Once again, the Pharmaceutical Research and Manufacturers of America (PhRMA) has demonstrated its willingness to put the profits of its drug company members over the needs of America’s patients. The organization’s recent announcement of a new coalition “ASAP 340B” is another misguided attempt by drug companies to dismantle the 340B Drug Pricing Program so that they can continue to pad their billion-dollar bottom lines. The self-serving policy proposals outlined by this new alliance directly contravene Congress’ oft-demonstrated intent to preserve the 340B program over the last 30 years. Those most impacted by this coalition’s assault on 340B are the millions of patients who will lose access to lifesaving medicines and to other vital health care services supported by the program.
Let’s look at the facts. For decades, drug companies have raised the prices of their drugs at a record pace. In fact, the Congressional impetus of the 340B program was to help shield hospitals from these high drug prices. This reality has not changed and, if anything, has recently only gotten worse. A report by the Department of Health and Human Services’ Assistant Secretary for Planning & Evaluation found that between July 2021 and July 2022, over 1,200 drugs experienced drug price increases faster than inflation, with an average price increase of 31% and with several drugs experiencing price increases of over 500%. The result: record revenues and profits for drug companies. These massive year-over-year drug price increases occurred in the midst of the COVID-19 pandemic. During that time, our nation’s hospitals and health systems continued to put patients and communities first, caring for patients 24/7, regardless of their ability to pay, while experiencing not only these dramatic increases in drug costs, but also skyrocketing staffing and supply costs, as well as historic inflationary pressures. All of this left approximately half of America’s hospitals operating in the red — a reality that drug companies simply don’t face.
340B savings have been critical to many hospitals for weathering these financial challenges and ensuring their doors remain open and services remain available for their patients and communities. No matter what they say, drug companies have tried to undermine the 340B program at every opportunity, including unlawfully denying 340B pricing through community and specialty pharmacies. For the past three years, drug companies have held 340B patients and providers hostage by limiting access to 340B drugs with their unlawful and draconian contract pharmacy policies. Now they seek to codify their illegitimate actions in federal law.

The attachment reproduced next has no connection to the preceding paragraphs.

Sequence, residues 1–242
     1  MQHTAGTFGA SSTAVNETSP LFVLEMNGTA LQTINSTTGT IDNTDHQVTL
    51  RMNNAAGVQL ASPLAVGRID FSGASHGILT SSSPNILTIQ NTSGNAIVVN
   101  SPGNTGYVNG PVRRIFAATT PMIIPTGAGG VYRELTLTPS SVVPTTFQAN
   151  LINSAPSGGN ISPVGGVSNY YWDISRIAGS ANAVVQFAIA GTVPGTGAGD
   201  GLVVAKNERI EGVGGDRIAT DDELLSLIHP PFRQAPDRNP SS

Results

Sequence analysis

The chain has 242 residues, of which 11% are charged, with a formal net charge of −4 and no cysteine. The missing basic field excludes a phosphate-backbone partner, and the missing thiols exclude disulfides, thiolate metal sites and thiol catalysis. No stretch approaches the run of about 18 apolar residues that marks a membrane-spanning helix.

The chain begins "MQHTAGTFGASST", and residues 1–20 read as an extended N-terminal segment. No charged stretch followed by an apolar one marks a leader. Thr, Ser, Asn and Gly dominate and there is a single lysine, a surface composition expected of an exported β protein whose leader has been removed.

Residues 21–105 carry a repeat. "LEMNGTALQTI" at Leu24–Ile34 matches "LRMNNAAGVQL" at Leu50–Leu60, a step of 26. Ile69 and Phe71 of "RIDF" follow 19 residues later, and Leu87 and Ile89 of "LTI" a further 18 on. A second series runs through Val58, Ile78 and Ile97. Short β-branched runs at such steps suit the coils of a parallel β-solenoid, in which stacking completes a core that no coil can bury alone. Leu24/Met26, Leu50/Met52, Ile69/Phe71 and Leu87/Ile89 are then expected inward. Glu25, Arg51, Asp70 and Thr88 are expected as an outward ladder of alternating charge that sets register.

For this reason, the PhRMA-led coalition’s list of proposals cannot be viewed as a serious attempt to “save” or “modernize” the 340B program. After all, the 340B program was created to prevent egregious pricing tactics by drug companies themselves. The AHA has developed a detailed response on why many of the coalition’s proposals would undermine the 340B program for both patients and providers.
These proposals, which involve no accountability on the part of drug companies, take aim at many hospitals participating in the program. But, they fail to recognize that these same hospitals are responsible for an overwhelming amount of care to the nation’s underserved populations, including 77% of care provided to the nation’s Medicaid patients. The obvious hypocrisy of their proposals to mandate greater hospital 340B transparency while drug companies continue to obfuscate their pricing decisions is striking. This is particularly true since the median price of a new drug on the market exceeded a staggering $200,000 for the first time in history — a price that is far from affordable or reasonable for the patients who need these often lifesaving drugs.
The mission of the 340B program is to improve access to care for underserved patients and communities around the country. No amount of half-truths, misleading statements, baseless attacks or thinly-veiled efforts to scale back the program’s benefits by drug companies will deter hospitals from delivering on this mission to all patients and communities they serve.